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True Inflation Reading must Factor in Food and Energy Costs

Inflation readings are currently low but this does not mean that inflation is not present in the system.  Remember that the technical definition of inflation is when money flows into the system at a higher velocity than the rate at which it is flowing out of the system.  This has certainly occurred in the U.S. economy since 2008.

The Consumer Price Index (CPI) rose 0.5% in March, which was generally in line with expectations and was similar to February’s rise.  Key components driving the increase were food and energy prices (Ex. energy is up 15% vs. year prior). The “Core CPI”, on the other hand, which largely factors out the effects of food and energy, was up by only 0.1% in March.

It is the Core CPI statistic that is closely watched by the Fed for inflation signals since it is less subject to erratic monthly swings. What continue to keep Core CPI at bay, in our opinion at Hennion & Walsh, are high unemployment and a lack of aggregate demand.  However, even Core CPI inflation is trending upwards.  To this point, John Mauldin commented in a April 16, 2011 “News of the Frontline” newsletter that while, “Core inflation was tame, overall inflation is still running at over a 5% annualized rate (and above 6% over the last three months!).”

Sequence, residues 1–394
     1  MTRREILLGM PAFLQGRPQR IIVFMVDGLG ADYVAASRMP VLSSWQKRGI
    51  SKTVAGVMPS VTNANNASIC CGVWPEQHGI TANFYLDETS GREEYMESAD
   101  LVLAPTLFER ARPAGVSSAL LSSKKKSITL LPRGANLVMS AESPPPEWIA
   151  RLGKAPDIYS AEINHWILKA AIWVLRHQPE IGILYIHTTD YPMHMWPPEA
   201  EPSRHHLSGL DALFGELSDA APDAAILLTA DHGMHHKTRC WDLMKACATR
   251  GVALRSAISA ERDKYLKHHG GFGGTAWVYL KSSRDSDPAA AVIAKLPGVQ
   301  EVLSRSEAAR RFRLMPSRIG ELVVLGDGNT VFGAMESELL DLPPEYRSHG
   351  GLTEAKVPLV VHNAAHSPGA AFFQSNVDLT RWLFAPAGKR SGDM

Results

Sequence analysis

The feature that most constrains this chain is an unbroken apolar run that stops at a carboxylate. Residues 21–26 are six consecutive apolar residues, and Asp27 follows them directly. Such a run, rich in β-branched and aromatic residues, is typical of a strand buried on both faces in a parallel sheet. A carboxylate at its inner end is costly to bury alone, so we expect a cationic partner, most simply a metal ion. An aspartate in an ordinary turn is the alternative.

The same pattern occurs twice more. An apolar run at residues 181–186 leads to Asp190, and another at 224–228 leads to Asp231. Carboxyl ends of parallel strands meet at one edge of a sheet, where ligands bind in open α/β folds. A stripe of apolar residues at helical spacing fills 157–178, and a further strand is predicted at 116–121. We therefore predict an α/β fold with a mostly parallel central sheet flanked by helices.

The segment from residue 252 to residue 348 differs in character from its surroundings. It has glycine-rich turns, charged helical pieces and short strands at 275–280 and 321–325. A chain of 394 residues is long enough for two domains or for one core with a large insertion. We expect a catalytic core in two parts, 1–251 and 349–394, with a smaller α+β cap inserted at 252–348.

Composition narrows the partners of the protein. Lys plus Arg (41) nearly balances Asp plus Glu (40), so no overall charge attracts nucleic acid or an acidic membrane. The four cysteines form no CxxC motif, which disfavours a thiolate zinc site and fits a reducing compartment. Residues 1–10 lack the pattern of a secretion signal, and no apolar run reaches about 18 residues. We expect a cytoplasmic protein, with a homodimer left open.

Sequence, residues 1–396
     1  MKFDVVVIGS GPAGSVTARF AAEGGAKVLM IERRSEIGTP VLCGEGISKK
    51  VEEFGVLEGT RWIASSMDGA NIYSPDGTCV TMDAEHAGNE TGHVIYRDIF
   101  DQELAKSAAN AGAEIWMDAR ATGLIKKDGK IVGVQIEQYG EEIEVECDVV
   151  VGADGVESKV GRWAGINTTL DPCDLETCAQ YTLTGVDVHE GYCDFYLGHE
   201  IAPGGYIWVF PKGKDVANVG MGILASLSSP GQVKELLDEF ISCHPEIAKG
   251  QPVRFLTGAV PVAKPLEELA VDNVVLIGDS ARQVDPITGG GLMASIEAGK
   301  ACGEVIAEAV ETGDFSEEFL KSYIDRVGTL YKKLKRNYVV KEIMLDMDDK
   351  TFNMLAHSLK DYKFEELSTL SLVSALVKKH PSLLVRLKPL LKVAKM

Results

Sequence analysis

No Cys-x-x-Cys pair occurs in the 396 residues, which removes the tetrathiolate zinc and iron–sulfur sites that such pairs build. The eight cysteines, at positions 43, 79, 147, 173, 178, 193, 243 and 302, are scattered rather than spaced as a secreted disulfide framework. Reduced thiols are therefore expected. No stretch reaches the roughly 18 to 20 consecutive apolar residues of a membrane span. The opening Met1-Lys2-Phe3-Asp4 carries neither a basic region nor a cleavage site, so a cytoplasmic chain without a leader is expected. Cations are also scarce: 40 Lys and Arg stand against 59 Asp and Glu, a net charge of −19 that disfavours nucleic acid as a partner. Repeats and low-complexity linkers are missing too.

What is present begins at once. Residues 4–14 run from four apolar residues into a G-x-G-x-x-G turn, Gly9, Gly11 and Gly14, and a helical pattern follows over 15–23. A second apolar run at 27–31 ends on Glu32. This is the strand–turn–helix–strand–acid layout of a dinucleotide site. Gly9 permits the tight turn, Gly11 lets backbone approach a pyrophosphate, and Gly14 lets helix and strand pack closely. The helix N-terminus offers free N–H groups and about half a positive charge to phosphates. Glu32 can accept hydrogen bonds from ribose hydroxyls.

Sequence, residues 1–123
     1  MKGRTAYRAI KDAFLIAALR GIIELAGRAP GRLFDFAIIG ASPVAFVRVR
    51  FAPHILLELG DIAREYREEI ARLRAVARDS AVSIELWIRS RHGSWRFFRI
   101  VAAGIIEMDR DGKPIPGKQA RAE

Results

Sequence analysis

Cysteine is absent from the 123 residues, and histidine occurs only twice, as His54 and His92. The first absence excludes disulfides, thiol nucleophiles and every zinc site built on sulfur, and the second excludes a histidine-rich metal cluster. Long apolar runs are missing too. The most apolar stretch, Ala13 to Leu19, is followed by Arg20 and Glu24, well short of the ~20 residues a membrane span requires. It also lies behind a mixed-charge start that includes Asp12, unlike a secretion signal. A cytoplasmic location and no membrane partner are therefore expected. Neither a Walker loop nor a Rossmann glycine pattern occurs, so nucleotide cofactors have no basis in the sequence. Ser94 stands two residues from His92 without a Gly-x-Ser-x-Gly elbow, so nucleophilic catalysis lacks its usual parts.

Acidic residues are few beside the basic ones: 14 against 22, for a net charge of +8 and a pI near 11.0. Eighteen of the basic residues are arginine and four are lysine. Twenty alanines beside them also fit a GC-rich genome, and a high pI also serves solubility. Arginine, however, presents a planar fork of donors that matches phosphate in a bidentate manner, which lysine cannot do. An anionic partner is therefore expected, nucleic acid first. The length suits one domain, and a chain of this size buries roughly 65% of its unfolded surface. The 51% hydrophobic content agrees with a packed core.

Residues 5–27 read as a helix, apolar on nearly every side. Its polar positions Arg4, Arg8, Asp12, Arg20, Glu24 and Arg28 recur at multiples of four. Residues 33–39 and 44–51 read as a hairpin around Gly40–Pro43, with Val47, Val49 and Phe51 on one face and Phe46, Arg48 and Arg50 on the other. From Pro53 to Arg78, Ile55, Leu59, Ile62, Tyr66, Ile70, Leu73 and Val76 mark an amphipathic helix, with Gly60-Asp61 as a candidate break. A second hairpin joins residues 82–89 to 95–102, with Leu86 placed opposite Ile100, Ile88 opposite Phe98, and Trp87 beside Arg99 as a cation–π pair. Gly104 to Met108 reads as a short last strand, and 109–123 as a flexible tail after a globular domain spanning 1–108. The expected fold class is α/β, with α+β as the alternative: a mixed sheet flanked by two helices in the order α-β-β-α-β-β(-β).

We also believe it is important to look at the year over year inflation trend and attached the chart below to show the overall trend since 2008.  One will observe from this chart that overall CPI is up 2.7% vs. year prior and that this rate has been rising since September 2010 and positive since November of 2009.

blog post 20110419 Chart 1

Source: U.S. Department of Labor – Department of Labor Statistics

We expect inflationary pressures to continue and we would not be surprised to see the 5% annualized rate hold, and potentially even accelerate further.